I binge-watched HBO’s True Detective this weekend. Have to say I was surprised that it was as good as the buzz about it claimed.
After I finished watching it, I went back and read this post by Ace.
I think he nailed it on every particular.
The True Detective Finale and The Left's Inability to View Art As Anything Other Than an Ego-Flattering Political Affirmation
One thing I really liked about it is something Ace picked up on:
Back in the very early days of this blog I wrote this:
The show ultimately was, as Pizzolato said, not about the serial killer at all, but about the two men, Hart and Cohle, and their long, rocky relationship with one another.
And it's about mystery. The serial killer plot is a pretext to explore mystery -- and evil -- and philosophy -- and sex -- and all the rest of it, but in the end, the show was about the mystery and muddle of life. Not about some Hannibal Lecter-like supercriminal and his lunatic beliefs.
In the end, he wasn't the interesting one; the heroes were the interesting ones.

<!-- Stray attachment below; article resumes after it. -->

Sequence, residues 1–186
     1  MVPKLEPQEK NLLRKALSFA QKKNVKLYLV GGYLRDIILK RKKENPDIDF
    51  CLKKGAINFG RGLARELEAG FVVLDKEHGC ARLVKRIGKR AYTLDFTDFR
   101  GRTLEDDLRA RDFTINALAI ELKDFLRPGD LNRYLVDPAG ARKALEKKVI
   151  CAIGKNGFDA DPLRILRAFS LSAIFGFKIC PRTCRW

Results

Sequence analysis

Figures like Holmes or Peter Wimsey are fictional and bear little resemblance to real detectives. But they are hyper-realistic compared to the serial killers in modern thrillers. Writers like Thomas Harris have turned the detectives into somewhat intelligent bureaucrats while making the killer the one endowed with the rare mind. Philip Marlowe is only the " personification of an attitude, the exaggeration of a possibility;" Hannibal Lector bears no resemblance to real serial killers. He is the personification of an impossibility as a criminal, but the perfect example of moral rot as an "artistic" creation.